According to McDonnell, the discovery of new ways to affect such receptors could produce significant changes in the strategies by which pharmacologists seek new drugs to modulate them.
"To target drugs to one body tissue, pharmacologists have traditionally looked for subtypes of a receptor unique to that tissue," he said. "They could then design compounds that would select one or another subtype. But if there was only one kind of receptor, they were stuck.
"But now, our laboratory and others are showing that different compounds acting through the same receptor can manifest different biologies in different cells. We believe this extremely exciting realization will bring the next wave in the understanding of hormone action and drug development."
McDonnell uses a geometric analogy to explain how a single kind of steroid receptor found throughout the body can produce such different effects in different tissues by assuming different conformations.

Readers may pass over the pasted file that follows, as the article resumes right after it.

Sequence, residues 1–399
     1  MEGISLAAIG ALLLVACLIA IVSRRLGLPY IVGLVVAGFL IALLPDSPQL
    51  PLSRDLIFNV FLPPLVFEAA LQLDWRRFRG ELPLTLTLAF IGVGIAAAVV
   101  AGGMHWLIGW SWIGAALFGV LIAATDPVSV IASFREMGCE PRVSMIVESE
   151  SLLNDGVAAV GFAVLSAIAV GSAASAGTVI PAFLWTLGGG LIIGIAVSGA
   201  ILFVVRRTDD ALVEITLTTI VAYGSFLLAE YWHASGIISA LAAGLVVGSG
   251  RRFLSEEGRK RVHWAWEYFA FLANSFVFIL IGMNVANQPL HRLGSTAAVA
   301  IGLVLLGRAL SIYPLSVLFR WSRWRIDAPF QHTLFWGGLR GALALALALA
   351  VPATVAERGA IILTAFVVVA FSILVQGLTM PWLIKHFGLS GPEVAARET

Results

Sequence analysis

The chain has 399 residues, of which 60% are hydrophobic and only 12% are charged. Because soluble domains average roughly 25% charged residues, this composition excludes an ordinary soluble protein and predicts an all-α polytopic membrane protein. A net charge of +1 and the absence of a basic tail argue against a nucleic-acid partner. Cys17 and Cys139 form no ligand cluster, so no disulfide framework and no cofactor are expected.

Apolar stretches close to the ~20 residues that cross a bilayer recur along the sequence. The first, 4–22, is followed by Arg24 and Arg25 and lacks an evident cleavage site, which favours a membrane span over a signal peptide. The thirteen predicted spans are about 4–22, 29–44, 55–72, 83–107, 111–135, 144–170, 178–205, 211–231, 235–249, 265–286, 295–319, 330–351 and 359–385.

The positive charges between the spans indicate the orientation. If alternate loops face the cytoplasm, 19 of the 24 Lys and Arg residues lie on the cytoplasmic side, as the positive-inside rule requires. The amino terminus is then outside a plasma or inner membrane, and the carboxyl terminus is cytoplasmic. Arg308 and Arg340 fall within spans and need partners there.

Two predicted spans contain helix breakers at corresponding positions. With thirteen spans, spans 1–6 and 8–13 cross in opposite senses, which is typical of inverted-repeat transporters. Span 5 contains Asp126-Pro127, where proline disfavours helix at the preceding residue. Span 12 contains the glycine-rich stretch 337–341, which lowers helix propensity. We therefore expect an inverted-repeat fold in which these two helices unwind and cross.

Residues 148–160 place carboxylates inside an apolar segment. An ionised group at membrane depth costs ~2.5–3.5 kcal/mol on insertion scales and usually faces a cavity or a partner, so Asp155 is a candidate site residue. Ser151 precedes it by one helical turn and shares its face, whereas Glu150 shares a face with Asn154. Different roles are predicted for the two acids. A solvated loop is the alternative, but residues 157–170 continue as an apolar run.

"Let's say a receptor needs to be in a 'square' conformation to produce all the processes that it normally produces. If a ligand changes it into a 'round' conformation, some of the processes don't care, and they'll continue to operate. But others will not be triggered by a 'round' receptor, and they'll shut off." For example, he said, the same estrogen receptor influences a variety of processes throughout the body, including development of the female reproductive system, muscle and bone.